Tuesday, May 31, 2011

Food: Medicine for Travel (Part Deux)

Our overall health can be highly influenced by the foods we eat on a daily basis. In my last blog post, I talked about nature’s medicine for travel with an emphasis on herbs and spices. That was only the tip of the iceberg! Due to the prodigious feedback I received from that post, I decided to stick with this topic and offer some additional advice for common travel ailments and foods to gravitate toward while roaming abroad.

Diarrhea: a spontaneous and ever fluid companion
Even though nobody wants to talk, or even think about it, diarrhea often rears its ugly little head during travel. This is because your gut is likely not accustomed to the spices or richness of the new foods you will be trying in other countries. Even slight changes in your sleeping pattern, environment, and activity level can be enough to trigger the onset of diarrhea.

As a clinical dietitian, I work with children who have cancer and suffer from chronic diarrhea as a side effect of the chemotherapy treatments. In my experience, white starchy foods have been the most helpful in alleviating this symptom.
  • Mashed potatoes (no peels), soda crackers, white rice, Italian or French bread/toast, and pasta are some excellent examples of beneficial starchy foods to eat when you have diarrhea.
  • Another top gun for this trip disruptor is soluble fiber. Many people think fiber is not good for you when you have diarrhea, but soluble fiber is very helpful. It forms a gel with the water in your intestines and bulks things up. Oatmeal and oat bran, along with the insides of beans, peas, and many fruits are great sources of soluble fiber.
  • Because your body loses lots of water when you have diarrhea, be sure to stay fully hydrated with drinks that contain electrolytes, such as potassium, magnesium, and sodium. Coconut water or sports drinks are excellent restorative beverages.
Vacation Constipation: stops you in your tracks
Another very common complaint during travel is the inverse to diarrhea: constipation. The main contributors to this uncomfortable condition include changes in food patterns and composition, dehydration, lack of sleep, and a decrease in activity level. All of these things tend to occur while exploring the world, thus the reason for such a high frequency of this problem with travel.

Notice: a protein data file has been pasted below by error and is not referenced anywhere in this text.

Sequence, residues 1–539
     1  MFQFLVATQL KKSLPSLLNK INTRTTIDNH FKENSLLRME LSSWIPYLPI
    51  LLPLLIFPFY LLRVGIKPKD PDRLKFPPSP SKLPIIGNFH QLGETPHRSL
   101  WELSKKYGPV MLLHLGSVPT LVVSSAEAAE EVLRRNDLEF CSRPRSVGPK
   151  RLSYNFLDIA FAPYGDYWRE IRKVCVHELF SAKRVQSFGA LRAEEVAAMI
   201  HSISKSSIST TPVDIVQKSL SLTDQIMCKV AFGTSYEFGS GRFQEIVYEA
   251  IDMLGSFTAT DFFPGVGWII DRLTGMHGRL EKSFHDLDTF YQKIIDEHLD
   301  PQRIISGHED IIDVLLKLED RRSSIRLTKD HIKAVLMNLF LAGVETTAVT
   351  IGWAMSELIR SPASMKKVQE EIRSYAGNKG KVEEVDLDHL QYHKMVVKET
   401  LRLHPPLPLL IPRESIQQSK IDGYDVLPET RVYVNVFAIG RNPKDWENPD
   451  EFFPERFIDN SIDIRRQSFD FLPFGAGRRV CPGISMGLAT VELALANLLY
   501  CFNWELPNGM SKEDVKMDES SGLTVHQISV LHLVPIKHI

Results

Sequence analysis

In the hospital, I also work with a lot of people who deal with constipation as a side effect of their pain medications. While we have all heard that prune juice is a good cure, I most commonly recommend fruit nectar (specifically, apricot, peach, or pear nectar) since it tastes so much better and can be just as effective. These fruits are helpful because they contain high amounts of sorbitol, a natural laxative. So, if you are traveling and experience constipation, be sure to eat these three fruits or drink their juices whenever possible.

Just like with diarrhea, fiber can also be your wingman for combating constipation. However, to fight this enemy you need to consume insoluble fiber rather than soluble fiber. Insoluble fiber is the indigestible part of foods, such as the seeds in berries, skin on fruit, vegetables, and beans, the chewy part of celery, or the husk on whole grains and brown rice.
  • Tip: If you are eating high amounts of foods that help alleviate diarrhea, and you do not have diarrhea, there is a good chance you may become constipated. To avoid this problem, be sure to balance foods from both areas under when your gut is working normally.
Stomach Upset/Nausea: a potion for motion, what a notion
Queasiness or general stomach upset is often experienced during travel because our sense of balance and equilibrium is disrupted as unusual motion is detected by the eyes and ears. This is most commonly referred to as motion sickness. Studies have shown ginger to be as effective as prescription drugs in relieving mild to moderate nausea and cold sweats related to motion sickness.
  • Try any of the following: gingersnaps, gingerbread, ginger ale, ginger tea or ginger candies. In many Asian countries, you may be able to find pickled ginger or raw ginger to gnaw on when you need a quick stomach stabilizer.

You can find most or all of the foods mentioned in this blog during your travel experience with People to People Student Ambassador Program.

Happy, healthy, and safe travels!

April D. Davis, RD, CD, ACSM CES
[Image Credits – Oatmeal Toast: www. feedingmyenthusiasms.blogspot.com ; Chewy Celery: www.mongoldude.com; Ginger Tea and Biscuits: www.1001recipe.com]

1 comment:

  1. I really agree that the food we eat everyday have great influence on our health. I believe herbs, spices, fruits and vegetables should always be given importance in our everyday diet.

    In my case, even though I mostly eat the Davao food, the food in my city in the Philippines, which are mostly grilled tuna and tuna ceviche, I still see to it to include raw garlic in my diet. Burnt parts of food, which is seen in grilled recipes is known to have carcinogens, a chemical that can cause cancer. And garlic can get rid of those unwanted toxins and chemicals.